// the session ID and a chan that is closed when the session is invalidated.
func (s *SessionKeeper) Create() (string, <-chan struct{}, error) {
    defer s.mu.Unlock()
    s.mu.Lock()

    // there is no session when s.sessionID is ""
    if s.sessionID == "" {
        sessionID, _, err := s.client.Create(
            &api.SessionEntry{
                LockDelay: 15 * time.Second,
                TTL:       "30s",
            }, nil)
        if err != nil {
            return "", nil, fmt.Errorf("failed to create session: %w", err)
        }
    }
    return s.sessionID, s.done, nil
}

Once a session has been created we need to keep track of it. To do this we create a new blocking channel called done, a blocking channel called stop, and set the Session ID in the struct. The done channel and Session ID are then returned to the caller and all future callers of GetSessionID until the session is closed or invalidated.

if s.sessionID == "" {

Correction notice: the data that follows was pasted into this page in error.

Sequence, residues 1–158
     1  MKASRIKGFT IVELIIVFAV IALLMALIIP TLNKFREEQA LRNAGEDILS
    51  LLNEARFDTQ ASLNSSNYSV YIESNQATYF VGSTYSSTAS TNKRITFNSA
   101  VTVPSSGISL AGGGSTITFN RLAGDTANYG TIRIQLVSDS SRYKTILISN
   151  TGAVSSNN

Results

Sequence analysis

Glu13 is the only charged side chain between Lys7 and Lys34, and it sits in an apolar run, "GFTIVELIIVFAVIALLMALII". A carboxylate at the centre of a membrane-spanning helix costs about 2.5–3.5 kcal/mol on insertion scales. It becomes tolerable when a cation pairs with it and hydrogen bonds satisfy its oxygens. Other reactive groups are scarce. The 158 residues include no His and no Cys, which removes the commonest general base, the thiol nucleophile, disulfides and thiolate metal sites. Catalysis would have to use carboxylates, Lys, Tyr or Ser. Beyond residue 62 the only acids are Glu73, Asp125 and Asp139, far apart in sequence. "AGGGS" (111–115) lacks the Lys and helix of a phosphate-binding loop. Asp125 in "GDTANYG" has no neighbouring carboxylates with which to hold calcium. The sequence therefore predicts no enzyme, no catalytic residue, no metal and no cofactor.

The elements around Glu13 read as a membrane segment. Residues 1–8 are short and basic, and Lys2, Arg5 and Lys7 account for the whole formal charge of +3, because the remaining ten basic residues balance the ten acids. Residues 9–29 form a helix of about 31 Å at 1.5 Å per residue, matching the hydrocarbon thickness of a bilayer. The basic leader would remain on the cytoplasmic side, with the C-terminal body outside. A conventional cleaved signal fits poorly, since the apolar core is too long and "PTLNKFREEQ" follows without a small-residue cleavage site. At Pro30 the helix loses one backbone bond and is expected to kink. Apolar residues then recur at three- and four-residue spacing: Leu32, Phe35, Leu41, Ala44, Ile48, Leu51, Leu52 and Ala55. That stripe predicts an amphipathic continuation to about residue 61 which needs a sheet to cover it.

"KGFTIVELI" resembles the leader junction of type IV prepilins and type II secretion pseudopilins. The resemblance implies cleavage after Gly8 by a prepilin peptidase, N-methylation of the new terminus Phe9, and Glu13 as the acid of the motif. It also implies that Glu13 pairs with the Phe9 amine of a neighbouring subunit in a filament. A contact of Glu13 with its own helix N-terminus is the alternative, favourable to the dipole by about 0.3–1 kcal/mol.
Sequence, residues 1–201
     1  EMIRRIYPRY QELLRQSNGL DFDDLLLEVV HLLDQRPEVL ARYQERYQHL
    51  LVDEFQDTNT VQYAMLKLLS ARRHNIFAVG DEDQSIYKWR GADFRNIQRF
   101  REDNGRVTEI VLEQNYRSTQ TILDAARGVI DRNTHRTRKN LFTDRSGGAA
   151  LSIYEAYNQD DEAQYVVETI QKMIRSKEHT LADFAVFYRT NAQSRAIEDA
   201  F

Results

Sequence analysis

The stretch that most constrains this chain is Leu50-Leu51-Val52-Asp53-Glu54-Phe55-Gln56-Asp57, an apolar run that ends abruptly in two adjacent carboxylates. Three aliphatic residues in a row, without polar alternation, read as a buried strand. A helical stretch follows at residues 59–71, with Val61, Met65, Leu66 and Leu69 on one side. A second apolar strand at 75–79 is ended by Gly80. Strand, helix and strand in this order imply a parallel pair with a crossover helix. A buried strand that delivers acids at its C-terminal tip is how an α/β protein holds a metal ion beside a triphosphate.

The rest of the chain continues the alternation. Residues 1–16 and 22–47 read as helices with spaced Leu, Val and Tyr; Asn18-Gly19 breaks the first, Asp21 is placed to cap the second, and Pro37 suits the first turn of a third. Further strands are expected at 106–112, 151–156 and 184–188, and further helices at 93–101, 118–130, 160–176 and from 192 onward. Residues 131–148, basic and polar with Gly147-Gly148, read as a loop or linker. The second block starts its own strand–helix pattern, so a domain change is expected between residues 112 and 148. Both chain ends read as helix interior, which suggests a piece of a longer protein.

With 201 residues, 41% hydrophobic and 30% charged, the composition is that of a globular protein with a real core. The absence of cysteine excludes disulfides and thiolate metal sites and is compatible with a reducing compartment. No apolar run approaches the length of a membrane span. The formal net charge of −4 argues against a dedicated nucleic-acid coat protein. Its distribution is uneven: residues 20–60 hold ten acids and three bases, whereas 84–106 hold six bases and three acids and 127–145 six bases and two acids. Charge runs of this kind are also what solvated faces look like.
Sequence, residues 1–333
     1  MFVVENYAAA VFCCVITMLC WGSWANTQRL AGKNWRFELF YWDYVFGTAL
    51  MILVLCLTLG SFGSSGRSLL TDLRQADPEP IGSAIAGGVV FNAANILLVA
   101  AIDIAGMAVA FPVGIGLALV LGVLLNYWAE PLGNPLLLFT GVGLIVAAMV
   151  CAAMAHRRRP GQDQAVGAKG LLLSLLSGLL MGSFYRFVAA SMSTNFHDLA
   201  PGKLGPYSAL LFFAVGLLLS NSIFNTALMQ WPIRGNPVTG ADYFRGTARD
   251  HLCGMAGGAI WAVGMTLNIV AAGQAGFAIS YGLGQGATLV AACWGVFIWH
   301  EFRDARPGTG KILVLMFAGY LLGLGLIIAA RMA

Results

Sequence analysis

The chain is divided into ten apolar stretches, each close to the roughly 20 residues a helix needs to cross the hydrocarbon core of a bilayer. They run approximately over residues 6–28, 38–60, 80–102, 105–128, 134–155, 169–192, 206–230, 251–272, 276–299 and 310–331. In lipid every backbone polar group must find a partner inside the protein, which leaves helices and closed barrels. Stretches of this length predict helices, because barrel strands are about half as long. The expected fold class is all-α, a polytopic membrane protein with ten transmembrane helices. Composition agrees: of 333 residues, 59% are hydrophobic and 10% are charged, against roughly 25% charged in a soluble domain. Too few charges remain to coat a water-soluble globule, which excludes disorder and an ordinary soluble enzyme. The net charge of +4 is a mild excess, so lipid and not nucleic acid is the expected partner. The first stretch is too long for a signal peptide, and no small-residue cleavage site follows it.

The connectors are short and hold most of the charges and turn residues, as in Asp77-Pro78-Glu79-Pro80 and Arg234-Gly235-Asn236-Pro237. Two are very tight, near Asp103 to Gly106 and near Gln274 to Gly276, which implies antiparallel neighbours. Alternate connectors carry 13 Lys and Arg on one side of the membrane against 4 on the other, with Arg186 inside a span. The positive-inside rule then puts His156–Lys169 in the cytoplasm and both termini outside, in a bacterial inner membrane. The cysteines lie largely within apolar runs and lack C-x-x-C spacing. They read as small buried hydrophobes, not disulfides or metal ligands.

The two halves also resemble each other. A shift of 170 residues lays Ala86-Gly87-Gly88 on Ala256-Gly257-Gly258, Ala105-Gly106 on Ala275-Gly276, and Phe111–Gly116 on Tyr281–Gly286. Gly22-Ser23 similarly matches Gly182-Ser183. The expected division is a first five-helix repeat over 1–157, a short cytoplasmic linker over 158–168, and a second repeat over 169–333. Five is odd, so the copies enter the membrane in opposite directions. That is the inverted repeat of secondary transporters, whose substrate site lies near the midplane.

sessionID, _, err := s.client.Create(
        &api.SessionEntry{
            LockDelay: 15 * time.Second,
            TTL:       "30s",
        }, nil)
    if err != nil {
        return "", nil, fmt.Errorf("failed to create session: %w", err)
    }
    s.done = make(chan struct{})
    s.stop = make(chan struct{})
    s.sessionID = sessionID
}

Last but not least we need to make sure that we renew the session at least once per TTL to prevent it from being invalidated. To do this we can spawn a goroutine that calls RenewPeriodic with the initial TTL, the Session ID, and our blocking channel called stop. The stop channel is important as when someone calls Close we want RenewPeriodic to destroy the session and stop attempting to renew a now invalidated session.